Treatment of bunion depends on the
- presence of symptoms (pain) and not only the degree of deformity. Pain may be
- models, actresses
- sedentary office workers
level of activity
- confined to indoors
- outdoor activity
Patients who have occasional symptoms should be treated non operatively by
- education about the non seriousness of the deformity and the use of right foot wear
- pain killers and ice to reduce pain and swelling
- use of padding in the foot wear
- maintenance of proper foot hygiene
- avoiding injuries to the foot
- education about the complications of surgery and the potential for recurrence of the deformity after surgery, especially if they insist on surgery
- adventitious bursa if painful may require a steroid injection, before injecting steroid infection must be ruled out
Patients who are old or sedentary office workers and confined to indoors should also be treated non-operatively as far as possible.
Operative treatment is indicated in patients
- who have continuous and persistent symptoms that affect their daily activities and all non-operative methods have failed to provide relief
- may also be required in models and actresses for obvious cosmetic and occupational reasons
- young adolescents and adults may require operation for bunion if the deformity is causing psychological and social stress.
Various operative procedures used include
- soft tissue operations
- bone operations
combination of bone and soft tissue procedures
- osteotomy (bone is cut then aligned in the right position and then fixed in that position with wires or screws)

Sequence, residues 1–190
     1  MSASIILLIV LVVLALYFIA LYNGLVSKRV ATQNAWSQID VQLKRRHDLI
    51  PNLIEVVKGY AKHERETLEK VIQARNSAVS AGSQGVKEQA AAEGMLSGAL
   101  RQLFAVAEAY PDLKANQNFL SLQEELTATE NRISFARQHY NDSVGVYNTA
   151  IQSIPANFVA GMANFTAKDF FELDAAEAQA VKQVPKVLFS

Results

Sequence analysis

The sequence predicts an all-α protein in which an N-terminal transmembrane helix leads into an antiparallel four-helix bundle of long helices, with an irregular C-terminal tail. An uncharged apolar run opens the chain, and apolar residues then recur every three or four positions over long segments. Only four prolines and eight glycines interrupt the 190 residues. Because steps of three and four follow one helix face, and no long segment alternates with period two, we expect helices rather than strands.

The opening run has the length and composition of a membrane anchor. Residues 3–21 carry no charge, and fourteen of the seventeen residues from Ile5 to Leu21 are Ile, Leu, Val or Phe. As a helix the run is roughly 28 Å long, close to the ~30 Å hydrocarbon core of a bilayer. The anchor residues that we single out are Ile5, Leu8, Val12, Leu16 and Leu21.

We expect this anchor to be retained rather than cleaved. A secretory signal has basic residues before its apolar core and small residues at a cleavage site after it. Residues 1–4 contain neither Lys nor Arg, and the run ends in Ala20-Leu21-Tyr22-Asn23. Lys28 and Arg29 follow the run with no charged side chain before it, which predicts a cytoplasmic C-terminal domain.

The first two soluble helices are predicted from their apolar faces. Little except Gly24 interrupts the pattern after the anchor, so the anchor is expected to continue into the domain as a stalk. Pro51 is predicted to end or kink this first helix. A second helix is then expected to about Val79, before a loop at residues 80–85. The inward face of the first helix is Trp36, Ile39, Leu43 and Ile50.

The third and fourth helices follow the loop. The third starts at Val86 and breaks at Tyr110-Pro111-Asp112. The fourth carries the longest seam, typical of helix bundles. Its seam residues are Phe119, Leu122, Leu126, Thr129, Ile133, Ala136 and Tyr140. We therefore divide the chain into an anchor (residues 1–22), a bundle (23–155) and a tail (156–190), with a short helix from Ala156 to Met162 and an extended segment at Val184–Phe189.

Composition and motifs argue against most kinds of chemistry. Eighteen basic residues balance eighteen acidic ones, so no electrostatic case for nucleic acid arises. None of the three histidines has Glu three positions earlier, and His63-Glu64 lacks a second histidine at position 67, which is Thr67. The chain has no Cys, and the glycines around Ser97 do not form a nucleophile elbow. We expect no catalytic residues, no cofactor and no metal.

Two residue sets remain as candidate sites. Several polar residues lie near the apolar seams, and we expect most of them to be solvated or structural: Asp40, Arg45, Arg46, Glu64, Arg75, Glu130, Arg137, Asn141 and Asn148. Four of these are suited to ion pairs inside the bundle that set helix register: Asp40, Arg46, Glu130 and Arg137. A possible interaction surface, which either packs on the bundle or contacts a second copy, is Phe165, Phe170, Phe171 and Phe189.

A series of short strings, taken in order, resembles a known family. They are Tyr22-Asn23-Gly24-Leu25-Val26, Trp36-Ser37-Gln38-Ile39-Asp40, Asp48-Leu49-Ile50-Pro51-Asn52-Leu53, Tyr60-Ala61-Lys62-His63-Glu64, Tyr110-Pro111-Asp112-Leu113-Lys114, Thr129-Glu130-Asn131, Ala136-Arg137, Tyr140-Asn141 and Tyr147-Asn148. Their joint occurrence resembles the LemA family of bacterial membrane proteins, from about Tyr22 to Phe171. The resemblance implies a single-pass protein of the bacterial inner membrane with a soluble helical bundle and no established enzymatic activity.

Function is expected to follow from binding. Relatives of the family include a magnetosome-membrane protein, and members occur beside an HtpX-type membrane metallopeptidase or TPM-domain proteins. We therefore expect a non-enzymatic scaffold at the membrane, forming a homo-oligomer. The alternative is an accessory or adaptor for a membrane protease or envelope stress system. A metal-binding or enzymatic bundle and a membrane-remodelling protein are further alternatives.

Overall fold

- arthrodesis (bones across a joint are fused together obliterating the joint; it is the most reliable procedure in cerebral palsy)
Complications of surgery include
- recurrence of the deformity
- over correction of the deformity (creats the opposite deformity - Hallux varus)
- loss of movement in the great toe
- claw toe deformity
- injury to nerves
- persistence of pain
Frequently Asked Questions
I have a family history of bunion. What can I do to prevent the development of this deformity?
Measures you can take to prevent hallux valgus include
- using shoes with a wide toe box (check by wriggling your toes)
- avoid wearing high heels at all costs
- use proper size foot wear (better to err on the larger side)
- you can use a toe spacer intermittently
- exercise your foot muscles
- consult your doctor at the slightest suspicion of deformity
What exercises should I do?
Exercises you can do include
- catch and release a towel on the floor with your toes
- push against a table with your great toe allowing the foot to move away towards the lesser toes
How long does it take to recover from surgery?
It can take 3 to 4 months for complete recovery.
I hope the information provided was helpful. If you have any query you can ask me at the contact me page.
This page was last updated on 23th June 2009.
Other causes of foot pain...
Tarsal Tunnel Syndrome